Pasta Maker Machine (177) By Cucina Pro - Heavy Duty Steel Construction - with Fettucine and Spaghetti attachment and Recipes
|Price:||$25.99 & FREE Shipping on orders over $49. Details|
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- Makes fettuccini and spaghetti
- Made of a chrome coated steel
- Attachments sold separately
- Includes easy-to-follow directions and recipes to get your started
- Heavyweight chromed steel construction
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This item: Pasta Maker Machine (177) By Cucina Pro - Heavy Duty Steel Construction - with Fettucine and Spaghetti attachment and Recipes
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|Shipping||FREE Shipping||FREE Shipping||FREE Shipping||FREE Shipping|
|Color||Silver||Stainless Steel||As Shown||As Shown|
|Dimensions||6 inches x 8 inches x 7.75 inches||7 inches x 8 inches x 8 inches||17 inches x 0.75 inches x 2.25 inches||1 inches x 12 inches x 4.25 inches|
|Item Package Weight||5.8 pounds||6.53 pounds||1.6 pounds||0.84 pounds|
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Top Customer Reviews
A lot of people think fresh pasta is better than dried pasta... I disagree. They are just different types of pasta. Dried pasta give you a firmer bite, while fresh pastas are softer. Keep that in mind when you cook. Also, don't be limited to pasta making. I think of it as a better rolling pin, so I also use it to crank out wonton skins.
You should dry your pasta sheet a little before attempting to cut it, especially if you are going to cut them thin (like angel hair), so they don't stick to each other and form a lump. I usually catch the cut noodles in a bowl and mix more flour in to keep them from sticking to each other. You should let the noodles dry out a little bit more before cooking it.
A few words about making the dough: it will take you a while to get a feel of how firm your dough needs to be, to go through the machine smoothly. If the dough is too wet, it will stick to the machine; if it's too dry, your pasta sheet will break. But once you got it down, you can crank out noodles pretty fast. The key is you need to let the dough rest for about 30 minutes, so the flour can fully absorb the moisture.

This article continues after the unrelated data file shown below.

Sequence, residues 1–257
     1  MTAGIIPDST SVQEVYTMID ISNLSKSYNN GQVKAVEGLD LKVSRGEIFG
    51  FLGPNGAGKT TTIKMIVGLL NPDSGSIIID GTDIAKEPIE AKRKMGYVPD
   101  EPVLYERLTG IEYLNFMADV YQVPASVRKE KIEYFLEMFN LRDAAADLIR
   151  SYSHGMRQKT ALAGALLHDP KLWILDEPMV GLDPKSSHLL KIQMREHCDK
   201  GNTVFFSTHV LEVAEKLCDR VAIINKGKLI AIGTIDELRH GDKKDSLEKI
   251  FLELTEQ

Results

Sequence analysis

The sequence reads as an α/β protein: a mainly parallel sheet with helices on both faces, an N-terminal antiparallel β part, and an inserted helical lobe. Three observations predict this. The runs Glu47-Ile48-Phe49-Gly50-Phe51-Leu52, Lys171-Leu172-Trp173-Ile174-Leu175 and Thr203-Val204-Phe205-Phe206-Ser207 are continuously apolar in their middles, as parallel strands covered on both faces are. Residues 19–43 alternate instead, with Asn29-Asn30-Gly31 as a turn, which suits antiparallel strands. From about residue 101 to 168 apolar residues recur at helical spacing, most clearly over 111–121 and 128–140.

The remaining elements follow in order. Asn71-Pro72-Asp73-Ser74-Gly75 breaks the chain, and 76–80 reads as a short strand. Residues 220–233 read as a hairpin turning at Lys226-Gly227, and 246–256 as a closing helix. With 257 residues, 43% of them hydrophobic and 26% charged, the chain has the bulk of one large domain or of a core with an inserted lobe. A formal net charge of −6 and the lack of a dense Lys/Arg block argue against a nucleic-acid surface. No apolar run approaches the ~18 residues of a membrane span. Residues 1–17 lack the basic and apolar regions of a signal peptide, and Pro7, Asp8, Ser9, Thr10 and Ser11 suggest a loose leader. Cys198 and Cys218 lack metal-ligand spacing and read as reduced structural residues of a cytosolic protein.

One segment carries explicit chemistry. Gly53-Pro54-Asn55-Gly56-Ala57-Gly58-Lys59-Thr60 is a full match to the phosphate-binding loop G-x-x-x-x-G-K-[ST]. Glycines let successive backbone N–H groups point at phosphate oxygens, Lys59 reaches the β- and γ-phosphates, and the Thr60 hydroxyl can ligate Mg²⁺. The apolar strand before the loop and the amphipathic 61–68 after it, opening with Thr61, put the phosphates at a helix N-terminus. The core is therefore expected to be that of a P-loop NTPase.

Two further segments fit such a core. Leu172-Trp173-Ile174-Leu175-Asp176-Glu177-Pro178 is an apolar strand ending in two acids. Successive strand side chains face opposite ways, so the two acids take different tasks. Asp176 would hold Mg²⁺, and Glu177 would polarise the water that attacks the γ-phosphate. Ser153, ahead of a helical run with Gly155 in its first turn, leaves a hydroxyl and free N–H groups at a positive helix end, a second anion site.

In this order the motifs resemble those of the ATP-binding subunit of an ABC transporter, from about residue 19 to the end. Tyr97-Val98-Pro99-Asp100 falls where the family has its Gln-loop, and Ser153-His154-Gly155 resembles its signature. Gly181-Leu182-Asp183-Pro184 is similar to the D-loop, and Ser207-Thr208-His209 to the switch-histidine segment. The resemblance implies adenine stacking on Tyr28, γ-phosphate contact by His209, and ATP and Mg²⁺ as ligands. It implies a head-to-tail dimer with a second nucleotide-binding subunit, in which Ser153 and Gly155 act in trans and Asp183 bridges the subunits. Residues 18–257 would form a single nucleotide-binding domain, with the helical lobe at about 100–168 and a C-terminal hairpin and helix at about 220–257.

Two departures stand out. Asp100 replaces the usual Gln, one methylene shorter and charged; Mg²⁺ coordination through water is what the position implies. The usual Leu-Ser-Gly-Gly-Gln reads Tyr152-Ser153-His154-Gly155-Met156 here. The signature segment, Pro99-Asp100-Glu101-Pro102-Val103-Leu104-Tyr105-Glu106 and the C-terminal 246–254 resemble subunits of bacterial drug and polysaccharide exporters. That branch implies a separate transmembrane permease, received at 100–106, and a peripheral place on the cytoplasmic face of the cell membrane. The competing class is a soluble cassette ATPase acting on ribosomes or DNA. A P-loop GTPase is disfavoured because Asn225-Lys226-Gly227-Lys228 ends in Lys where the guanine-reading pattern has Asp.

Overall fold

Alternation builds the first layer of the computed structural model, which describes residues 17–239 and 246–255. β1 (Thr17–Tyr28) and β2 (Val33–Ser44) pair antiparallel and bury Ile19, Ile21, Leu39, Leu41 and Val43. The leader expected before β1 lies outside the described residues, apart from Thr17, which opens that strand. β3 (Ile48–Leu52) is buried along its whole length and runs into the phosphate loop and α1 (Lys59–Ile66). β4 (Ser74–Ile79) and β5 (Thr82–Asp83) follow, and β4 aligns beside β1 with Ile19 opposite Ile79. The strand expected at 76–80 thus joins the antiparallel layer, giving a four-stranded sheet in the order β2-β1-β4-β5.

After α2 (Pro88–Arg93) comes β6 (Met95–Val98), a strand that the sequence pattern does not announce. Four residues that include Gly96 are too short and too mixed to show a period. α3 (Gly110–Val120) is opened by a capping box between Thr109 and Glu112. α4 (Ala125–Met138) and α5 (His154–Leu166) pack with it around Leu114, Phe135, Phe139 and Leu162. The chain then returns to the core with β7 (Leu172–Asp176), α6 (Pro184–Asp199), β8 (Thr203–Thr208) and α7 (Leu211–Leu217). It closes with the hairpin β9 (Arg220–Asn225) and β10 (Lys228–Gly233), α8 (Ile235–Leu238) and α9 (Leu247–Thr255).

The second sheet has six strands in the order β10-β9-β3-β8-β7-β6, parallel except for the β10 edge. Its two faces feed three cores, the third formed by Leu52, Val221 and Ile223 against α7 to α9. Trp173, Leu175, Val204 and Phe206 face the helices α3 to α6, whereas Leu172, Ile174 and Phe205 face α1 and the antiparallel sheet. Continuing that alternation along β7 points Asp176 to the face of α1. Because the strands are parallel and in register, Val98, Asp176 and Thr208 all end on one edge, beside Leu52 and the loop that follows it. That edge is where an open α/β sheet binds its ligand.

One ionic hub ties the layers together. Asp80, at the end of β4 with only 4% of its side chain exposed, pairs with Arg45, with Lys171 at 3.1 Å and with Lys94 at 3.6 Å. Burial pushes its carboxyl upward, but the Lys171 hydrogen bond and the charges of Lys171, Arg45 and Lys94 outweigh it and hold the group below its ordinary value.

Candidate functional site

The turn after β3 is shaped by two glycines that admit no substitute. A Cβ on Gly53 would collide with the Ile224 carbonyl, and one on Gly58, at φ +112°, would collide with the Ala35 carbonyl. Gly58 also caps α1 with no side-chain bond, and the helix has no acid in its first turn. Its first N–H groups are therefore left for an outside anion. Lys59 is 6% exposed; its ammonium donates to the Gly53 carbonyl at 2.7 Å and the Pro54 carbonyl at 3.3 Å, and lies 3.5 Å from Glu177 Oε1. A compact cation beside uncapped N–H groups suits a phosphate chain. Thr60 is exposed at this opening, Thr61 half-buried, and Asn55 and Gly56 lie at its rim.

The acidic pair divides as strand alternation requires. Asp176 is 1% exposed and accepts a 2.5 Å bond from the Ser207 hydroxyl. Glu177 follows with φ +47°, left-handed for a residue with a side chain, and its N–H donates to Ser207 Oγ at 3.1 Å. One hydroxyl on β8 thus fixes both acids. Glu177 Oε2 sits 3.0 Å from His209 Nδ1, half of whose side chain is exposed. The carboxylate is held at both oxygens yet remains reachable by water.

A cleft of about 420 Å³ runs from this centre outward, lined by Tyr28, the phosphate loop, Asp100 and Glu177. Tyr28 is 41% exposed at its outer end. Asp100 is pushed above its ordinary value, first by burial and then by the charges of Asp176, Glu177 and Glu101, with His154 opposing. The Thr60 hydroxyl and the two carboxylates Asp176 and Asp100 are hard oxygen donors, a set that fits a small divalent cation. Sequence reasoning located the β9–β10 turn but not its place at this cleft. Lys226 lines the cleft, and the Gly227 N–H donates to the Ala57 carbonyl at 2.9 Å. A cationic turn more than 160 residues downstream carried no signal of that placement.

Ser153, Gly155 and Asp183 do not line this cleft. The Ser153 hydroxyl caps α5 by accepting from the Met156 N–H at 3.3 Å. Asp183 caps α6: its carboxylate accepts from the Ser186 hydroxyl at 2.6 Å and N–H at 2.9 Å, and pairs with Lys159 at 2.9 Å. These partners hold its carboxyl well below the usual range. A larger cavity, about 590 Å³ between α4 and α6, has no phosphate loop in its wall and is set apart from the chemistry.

I took the tip from Alton Brown (Good Eats), and set it up on a ironing board for my mother. This is genius! It's so much easier using an ironing board than trying to do this on a kitchen counter! And you can move it to other places if your kitchen is small.Read more ›
Just some helpful hints for using the Cucinapro.
1. The thin noodle (tagliatellini) attachment will produce spaghetti-like thin noodles. But you need to dry the pasta sheets somewhat before you cut them. Otherwise they stick together and you will be saying nasty words in your kitchen.
2. You don't wash this thing. Flour and water equals paste and cement. So resist this bad idea. Just brush the thing out with a stiff pastry brush.
3. The pasta dough is best left to rest for 20 minutes, at least, under a damp tea towel. This allows the gluten in the flour to relax enough for you to roll it out. If you are impatient and neglect this step, you may think the pasta maker is having a tough time rolling the dough, but it is not--you have to allow the dough time to relax.
4. You go through the thickness settings from widest to narrowest, rolling out the dough and folding it into thirds, then re-rolling. If the dough piece gets unwieldy and way too long, just cut it in half, then process the halves separately. It means shorter noodles, but a lot easier handling for you.
5. Unless you really insist, you don't have to use semolina flour. In fact, this flour is often grainy and produces a less smooth result at home. I use bread flour. It's fine.Read more ›
Once the dough is ready, rolling it out is a snap. The first few passes through the machine are the trickiest, and it helps if someone holds the machine down (especially if you can't clamp it down, like me). The best thing about using the machine is that it works the pasta as it rolls it (you should send it through the highest setting several times and fold the resulting strip back into itself, in thirds, then roll it again), so even if your dough starts out sub-par, by the time you reach the second-lowest setting, it looks professional. (I don't recommend the lowest setting, it rolls too thin and the dough begins to tear.)
It comes with two cutting attachments, one which produces thin angel-hair/spaghetti-like noodles, and a thicker one which is closer to linguini. Both produce delicious pasta. If you're looking to make pasta from scratch, I highly recommend this pasta maker. I've never been disappointed by the results.
All that was for perspective on the logistics, but otherwise I have to say this is an easy way to make yourself feel like a gourmet. The taste is unlike anything you'll get at the store -- notably better than pre-packaged fresh. And yes, friends will be impressed. Solid construction -- I promise you won't need to buy a second one. A great book to go with is 'The Pasta Bible' -- one of the few books with dough recipies as well as sauces.
Most Recent Customer Reviews
I love this thing! I love it more because i got it used so it was WAY cheaper than store bought. I use it a couple of times a week or so. It's very easy. Read morePublished 5 months ago by Megan E.
Finally was able to use it and the noodle cutter is all bent and I had to throw it out! Don't waste your money!Published 6 months ago by Will Smith